But regardless of where you live, there are many things around a home that children can be taught to do, and to do well. To name a few: running the vacuum cleaner and mopping floors, dusting and waxing furniture, washing and ironing clothes, cleaning off the table and washing the supper dishes, also carrying out the garbage.
Every girl should know how to cook. Teach them first the elementary tasks of preparing potatoes and onions to cook. Then progressively teach them to make salads, fix various meat dishes and make tasty desserts. They should also know how to bake. Even mothers who are rather poor cooks themselves can, with the aid of cookbooks, teach their daughters to prepare good meals.
Let the daughters at an early age learn to sew on buttons and mend the holes in stockings. As they grow older, teach them to run the sewing machine by patching work clothes, making aprons and hemming up towels. Every ten-year-old girl should also be able to knit and crochet—practical arts that train the eyes and fingers.
Now, should these domestic duties be assigned only to the girls in the family? Parents who have foresight appreciate the wisdom of training their sons as well to keep the house neat and clean. Every man should be able to cook and sew when it is necessary, and they can learn the rudiments of these skills if they are included in their childhood work schedules. It is certainly shallow thinking to say that teaching boys how to cook and sew makes them effeminate. The science of seasoning and the chemistry of cooking are fields of knowledge that are attractive to manly boys. The man Jesus Christ was not only a good carpenter; he also knew how to cook, as the Bible implies at John 21:9-12.
By the same token, it is practical wisdom to teach your daughters as well as your sons how to use such common tools as the hammer, saw and paintbrush. Around every house sooner or later something needs to be repaired.
Let boys learn by building those much-needed shelves in the closet or basement, and painting them too. As their skills develop they will be able to fashion more sophisticated cabinets. Let them re-cover the kitchen chairs and reupholster the living-room furniture. In view of the prices that furniture and fixtures are selling for today you are wise if you let your children learn to build and repair them at home!
There are also many outdoor assignments of work that children can do, especially if they live on a farm, where the work is never finished. The city dweller’s opportunities may be somewhat limited, but often here are yards to be cleaned, lawns to be watered and cut, windows to be washed, houses and fences to be painted, automobiles to be washed and waxed, just to mention some. Even the child living in an apartment can often find this kind of work in the neighborhood.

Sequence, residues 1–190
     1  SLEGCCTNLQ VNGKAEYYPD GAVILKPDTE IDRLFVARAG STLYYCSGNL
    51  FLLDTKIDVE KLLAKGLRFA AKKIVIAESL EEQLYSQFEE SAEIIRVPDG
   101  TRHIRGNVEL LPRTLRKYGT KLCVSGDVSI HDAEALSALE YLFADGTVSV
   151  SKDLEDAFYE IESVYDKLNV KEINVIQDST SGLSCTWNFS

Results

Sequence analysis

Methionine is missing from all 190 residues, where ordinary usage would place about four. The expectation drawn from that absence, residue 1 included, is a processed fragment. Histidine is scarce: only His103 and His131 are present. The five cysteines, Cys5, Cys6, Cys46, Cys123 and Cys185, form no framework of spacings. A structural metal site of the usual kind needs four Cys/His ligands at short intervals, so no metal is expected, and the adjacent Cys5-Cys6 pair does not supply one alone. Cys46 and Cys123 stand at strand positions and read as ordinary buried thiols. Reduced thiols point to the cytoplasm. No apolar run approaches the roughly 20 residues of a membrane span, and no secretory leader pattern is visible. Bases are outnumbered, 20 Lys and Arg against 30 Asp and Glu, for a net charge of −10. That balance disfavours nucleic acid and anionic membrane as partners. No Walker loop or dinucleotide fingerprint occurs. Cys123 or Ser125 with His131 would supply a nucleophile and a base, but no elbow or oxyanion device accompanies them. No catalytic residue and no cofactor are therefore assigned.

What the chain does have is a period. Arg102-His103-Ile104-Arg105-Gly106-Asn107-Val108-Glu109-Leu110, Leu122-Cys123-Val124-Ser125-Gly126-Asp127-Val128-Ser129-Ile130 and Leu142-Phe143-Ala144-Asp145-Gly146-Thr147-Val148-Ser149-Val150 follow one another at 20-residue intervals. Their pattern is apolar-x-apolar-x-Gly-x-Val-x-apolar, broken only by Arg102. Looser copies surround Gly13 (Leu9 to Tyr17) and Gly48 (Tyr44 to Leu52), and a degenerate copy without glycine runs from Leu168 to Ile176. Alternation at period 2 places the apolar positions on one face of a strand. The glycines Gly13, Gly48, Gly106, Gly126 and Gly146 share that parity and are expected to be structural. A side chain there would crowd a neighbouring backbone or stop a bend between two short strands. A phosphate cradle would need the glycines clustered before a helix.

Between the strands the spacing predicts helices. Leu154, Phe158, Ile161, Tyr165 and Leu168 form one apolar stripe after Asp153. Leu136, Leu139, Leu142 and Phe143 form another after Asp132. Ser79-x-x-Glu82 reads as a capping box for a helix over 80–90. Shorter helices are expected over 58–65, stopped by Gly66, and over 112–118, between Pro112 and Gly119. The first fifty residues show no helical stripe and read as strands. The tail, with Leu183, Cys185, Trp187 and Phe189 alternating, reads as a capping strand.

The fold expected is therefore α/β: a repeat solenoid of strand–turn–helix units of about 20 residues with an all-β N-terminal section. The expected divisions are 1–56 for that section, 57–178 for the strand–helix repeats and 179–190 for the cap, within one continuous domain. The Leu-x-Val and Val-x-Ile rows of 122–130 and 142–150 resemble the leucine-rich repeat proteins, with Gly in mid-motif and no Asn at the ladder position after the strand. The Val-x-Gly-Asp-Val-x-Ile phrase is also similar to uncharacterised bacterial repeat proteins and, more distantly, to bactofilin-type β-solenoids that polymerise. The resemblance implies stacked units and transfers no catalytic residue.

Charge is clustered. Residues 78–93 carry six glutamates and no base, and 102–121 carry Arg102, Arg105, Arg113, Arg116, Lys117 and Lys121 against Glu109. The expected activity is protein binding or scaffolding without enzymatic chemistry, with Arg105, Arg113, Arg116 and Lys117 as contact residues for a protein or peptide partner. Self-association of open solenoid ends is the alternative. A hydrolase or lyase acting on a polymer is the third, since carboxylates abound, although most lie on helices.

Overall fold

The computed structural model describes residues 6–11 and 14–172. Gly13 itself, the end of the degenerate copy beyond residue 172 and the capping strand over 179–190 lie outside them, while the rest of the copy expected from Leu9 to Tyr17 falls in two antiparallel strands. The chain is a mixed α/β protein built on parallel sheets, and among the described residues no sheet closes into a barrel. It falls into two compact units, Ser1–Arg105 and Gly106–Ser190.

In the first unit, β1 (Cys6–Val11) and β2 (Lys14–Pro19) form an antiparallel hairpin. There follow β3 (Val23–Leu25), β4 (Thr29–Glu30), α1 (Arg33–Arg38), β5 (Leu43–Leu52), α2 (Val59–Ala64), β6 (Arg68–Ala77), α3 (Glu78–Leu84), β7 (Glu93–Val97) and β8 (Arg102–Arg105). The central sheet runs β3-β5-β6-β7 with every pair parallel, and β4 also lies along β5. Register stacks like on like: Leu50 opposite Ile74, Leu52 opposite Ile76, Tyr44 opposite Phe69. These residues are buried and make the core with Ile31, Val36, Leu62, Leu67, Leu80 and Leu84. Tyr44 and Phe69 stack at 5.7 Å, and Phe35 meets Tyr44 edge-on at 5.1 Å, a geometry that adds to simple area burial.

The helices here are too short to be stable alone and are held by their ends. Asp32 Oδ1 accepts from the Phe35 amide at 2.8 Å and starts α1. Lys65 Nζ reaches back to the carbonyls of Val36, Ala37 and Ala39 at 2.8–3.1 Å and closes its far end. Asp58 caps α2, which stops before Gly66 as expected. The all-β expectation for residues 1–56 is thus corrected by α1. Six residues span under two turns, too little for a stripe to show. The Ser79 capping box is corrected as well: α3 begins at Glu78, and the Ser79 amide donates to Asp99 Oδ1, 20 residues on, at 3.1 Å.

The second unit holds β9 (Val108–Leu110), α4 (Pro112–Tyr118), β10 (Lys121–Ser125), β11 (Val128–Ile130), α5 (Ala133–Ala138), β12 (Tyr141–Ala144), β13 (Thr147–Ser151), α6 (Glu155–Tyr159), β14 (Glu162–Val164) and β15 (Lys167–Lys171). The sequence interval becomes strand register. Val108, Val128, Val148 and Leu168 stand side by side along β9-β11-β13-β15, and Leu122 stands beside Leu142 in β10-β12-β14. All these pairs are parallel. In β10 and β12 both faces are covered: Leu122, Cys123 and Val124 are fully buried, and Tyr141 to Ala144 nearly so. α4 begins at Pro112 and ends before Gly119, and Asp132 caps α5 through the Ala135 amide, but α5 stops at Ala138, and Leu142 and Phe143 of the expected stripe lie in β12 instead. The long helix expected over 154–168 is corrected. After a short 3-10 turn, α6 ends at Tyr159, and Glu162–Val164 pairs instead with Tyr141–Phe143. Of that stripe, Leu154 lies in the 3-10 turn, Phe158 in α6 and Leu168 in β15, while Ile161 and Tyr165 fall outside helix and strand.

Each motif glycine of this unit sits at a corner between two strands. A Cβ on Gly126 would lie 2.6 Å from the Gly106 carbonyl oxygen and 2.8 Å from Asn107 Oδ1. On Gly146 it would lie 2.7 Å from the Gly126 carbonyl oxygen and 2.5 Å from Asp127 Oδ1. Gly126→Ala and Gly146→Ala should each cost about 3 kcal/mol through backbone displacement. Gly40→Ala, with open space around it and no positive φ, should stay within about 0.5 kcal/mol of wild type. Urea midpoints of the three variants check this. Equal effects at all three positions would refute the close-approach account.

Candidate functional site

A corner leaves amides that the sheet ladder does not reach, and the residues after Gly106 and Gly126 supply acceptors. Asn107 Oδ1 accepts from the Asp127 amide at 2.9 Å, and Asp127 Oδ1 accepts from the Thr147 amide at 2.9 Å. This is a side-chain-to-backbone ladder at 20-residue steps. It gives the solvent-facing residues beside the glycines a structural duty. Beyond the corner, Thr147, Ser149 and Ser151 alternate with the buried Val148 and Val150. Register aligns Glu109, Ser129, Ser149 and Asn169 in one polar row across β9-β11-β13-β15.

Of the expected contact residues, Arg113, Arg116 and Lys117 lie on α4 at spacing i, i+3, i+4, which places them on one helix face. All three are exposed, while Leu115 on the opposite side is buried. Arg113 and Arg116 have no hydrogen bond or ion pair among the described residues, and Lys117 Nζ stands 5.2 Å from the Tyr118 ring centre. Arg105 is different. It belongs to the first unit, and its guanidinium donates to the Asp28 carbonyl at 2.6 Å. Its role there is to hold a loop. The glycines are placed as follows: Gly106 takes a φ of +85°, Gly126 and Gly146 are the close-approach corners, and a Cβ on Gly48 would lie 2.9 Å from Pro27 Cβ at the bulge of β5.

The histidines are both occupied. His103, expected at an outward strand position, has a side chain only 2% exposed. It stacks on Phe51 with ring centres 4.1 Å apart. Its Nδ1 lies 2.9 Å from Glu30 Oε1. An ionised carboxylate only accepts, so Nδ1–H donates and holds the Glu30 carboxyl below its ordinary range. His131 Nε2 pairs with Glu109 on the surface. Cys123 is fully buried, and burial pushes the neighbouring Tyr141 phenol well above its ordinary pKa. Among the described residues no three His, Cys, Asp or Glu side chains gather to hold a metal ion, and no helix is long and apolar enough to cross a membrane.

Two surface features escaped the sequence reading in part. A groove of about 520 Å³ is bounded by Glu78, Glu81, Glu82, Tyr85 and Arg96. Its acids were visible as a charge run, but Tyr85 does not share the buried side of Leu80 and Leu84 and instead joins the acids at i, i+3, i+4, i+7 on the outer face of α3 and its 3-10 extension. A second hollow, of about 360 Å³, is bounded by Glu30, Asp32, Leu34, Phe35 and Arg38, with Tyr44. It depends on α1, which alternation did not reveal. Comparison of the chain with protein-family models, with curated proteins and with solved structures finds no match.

If it is available, let your children have a plot of ground for a garden they can call their own. Give them the needed assistance, but let them bear the responsibility. This means they will have to decide what to plant, after which they will have to water and cultivate it, and fight the bugs, birds and predatory animals if they are to realize any fruitage from their labor. If there are crop failures the first couple of years, encourage them to learn from the mistakes and to continue to improve their skill and methods.
How to Teach Them to Work?
Many parents may feel that teaching children to work is a challenge they are not quite able to meet. Are you one who throws up the hands in a “what’s the use” attitude, simply because you have to keep telling your child to do the same things many times? Do you have to keep coaxing and begging him to do this or that?
There is an art to teaching anything, including the skill of working. Patience, understanding, kindness and love are absolutely necessary. Do not scream and threaten, and do not ridicule or belittle their inefficiency. Of course they will be awkward and clumsy at first. But, with practice on their part and helpful instruction on your part, they will improve. It is in these early stages of learning that you as the instructor need to exercise patience, tolerance and long-suffering. Remember that you too were once young, awkward and unskilled, and that only after many years have you developed efficiency and skill.